Going black for a berry good show

Autumn colour: Yellow foliage on the bushes; below, ripening fruit.
Autumn colour: Yellow foliage on the bushes; below, ripening fruit.
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BLACKCURRANTS are surprisingly easy to grow and a wonderful fruit to cook with.

If you fancy giving them a go, start and prepare the ground now for planting bare-root specimens in late autumn, or you can plant container-grown plants at any time of the year, as long as the ground isn’t waterlogged.

They like well-drained, but moisture-retentive conditions and prefer full sun, but will tolerate light shade.

As part of my “productive front garden” experiment a few years back, three ended up there, and they’ve done OK, with minimal attention, I confess.

Many varieties are called “Ben Something” (after Scottish mountains) and mine are exactly that, as I can’t remember the second bit, only that they were a bargain in a mail-order sale.

So if you’re going for bare root plants (they’re cheaper) clear the soil of perennial weeds now, add well-rotted manure and a fertiliser like Growmore at 85g per sq m (3oz per sq yd).

At the end of autumn, dig a hole at least twice the diameter of the root ball, and spread the roots out when planting.

Set each plant at least 6cm (2.25in) deeper than it was previously.

Hand weed and place a mulch (such as well-rotted manure or mushroom compost) around the plant in late winter to suppress weeds.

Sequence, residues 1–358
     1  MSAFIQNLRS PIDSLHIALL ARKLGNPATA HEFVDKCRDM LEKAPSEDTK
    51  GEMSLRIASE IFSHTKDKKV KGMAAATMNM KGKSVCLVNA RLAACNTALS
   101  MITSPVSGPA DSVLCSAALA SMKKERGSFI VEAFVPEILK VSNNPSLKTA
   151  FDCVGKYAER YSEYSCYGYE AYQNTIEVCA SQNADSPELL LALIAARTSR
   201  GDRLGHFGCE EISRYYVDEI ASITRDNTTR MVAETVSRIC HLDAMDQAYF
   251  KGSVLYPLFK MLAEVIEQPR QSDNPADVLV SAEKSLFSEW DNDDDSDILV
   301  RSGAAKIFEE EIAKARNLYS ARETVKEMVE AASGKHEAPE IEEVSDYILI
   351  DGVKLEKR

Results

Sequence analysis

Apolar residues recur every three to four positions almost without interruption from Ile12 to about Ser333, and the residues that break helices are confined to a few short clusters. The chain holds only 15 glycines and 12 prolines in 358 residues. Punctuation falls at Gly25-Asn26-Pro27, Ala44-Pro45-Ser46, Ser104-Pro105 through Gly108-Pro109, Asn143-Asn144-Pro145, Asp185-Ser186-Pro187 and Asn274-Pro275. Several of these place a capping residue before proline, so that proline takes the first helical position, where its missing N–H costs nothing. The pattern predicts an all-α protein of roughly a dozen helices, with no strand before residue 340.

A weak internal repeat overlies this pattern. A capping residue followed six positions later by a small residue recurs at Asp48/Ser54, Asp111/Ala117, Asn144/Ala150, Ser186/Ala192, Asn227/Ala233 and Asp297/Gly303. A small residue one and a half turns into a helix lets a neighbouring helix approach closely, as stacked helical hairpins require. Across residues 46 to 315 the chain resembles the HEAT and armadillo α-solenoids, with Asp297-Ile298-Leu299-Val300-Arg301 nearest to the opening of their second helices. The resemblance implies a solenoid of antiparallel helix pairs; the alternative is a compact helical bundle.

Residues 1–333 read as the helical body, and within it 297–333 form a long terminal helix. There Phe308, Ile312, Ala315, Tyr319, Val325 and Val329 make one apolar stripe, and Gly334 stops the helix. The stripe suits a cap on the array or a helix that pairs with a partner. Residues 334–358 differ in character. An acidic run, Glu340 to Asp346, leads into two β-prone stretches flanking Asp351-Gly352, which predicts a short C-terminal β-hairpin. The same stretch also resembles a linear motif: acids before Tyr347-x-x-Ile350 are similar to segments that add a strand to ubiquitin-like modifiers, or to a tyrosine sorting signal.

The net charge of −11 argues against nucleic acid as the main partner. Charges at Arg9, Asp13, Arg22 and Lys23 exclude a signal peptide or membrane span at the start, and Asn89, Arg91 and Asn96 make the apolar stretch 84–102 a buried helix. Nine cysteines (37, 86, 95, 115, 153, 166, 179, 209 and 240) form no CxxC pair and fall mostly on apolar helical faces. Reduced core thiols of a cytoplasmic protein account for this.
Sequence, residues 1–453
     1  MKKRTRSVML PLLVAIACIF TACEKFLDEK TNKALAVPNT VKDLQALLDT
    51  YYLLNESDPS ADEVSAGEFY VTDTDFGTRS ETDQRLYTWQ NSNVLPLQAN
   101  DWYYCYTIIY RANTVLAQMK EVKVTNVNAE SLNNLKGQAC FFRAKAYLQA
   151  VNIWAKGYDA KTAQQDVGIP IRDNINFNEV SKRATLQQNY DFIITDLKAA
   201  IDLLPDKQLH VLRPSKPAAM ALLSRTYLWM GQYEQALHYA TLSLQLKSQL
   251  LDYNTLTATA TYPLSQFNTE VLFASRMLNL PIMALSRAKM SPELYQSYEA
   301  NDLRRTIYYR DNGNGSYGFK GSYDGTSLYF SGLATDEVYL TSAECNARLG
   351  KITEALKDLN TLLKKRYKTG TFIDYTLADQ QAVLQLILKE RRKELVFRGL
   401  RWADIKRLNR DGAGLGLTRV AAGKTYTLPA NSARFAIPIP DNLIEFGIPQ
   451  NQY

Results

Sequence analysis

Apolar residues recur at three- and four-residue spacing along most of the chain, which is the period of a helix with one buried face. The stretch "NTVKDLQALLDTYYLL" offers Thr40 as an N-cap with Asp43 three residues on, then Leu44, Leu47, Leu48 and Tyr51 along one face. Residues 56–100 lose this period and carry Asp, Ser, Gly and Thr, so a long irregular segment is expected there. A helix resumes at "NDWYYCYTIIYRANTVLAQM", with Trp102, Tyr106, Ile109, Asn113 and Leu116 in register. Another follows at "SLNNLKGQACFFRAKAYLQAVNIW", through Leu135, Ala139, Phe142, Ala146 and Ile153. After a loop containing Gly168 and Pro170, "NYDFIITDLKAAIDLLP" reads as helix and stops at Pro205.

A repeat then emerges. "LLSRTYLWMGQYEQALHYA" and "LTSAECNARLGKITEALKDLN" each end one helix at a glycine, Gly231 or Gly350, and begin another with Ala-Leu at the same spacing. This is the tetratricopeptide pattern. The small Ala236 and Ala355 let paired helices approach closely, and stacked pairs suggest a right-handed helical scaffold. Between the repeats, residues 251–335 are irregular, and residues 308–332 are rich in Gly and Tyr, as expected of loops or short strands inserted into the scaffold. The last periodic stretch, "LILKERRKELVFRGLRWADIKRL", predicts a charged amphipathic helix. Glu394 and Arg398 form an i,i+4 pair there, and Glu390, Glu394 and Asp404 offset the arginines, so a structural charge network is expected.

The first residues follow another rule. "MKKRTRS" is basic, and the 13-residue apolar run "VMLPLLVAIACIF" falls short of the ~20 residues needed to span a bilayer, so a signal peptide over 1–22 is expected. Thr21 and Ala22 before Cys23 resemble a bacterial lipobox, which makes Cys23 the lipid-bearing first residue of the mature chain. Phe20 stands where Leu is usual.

Avoid hoeing near the base of the bush because the hoe might cut through new shoots developing at the base of the plant.

Prune blackcurrants when dormant – from late autumn to late winter. Fruit forms on young wood, so when pruning aim to remove older wood, leaving the young shoots.

Up to and including the fourth year after planting, remove weak, wispy shoots, retaining a basic structure of six to 10 healthy shoots.

After year four, cut out about one-third of the older wood at the base, using a pair of loppers or a pruning saw.

This will encourage and make room for younger, healthy wood.

Also remove weak shoots and low ones leaning towards the ground.

Birds are supposed to be a big problem, but as my bushes are “hidden” among mixed planting – shrubs and herbaceous perennials mostly – they don’t seem bothered.

If it becomes troublesome, nets or cages are your only options.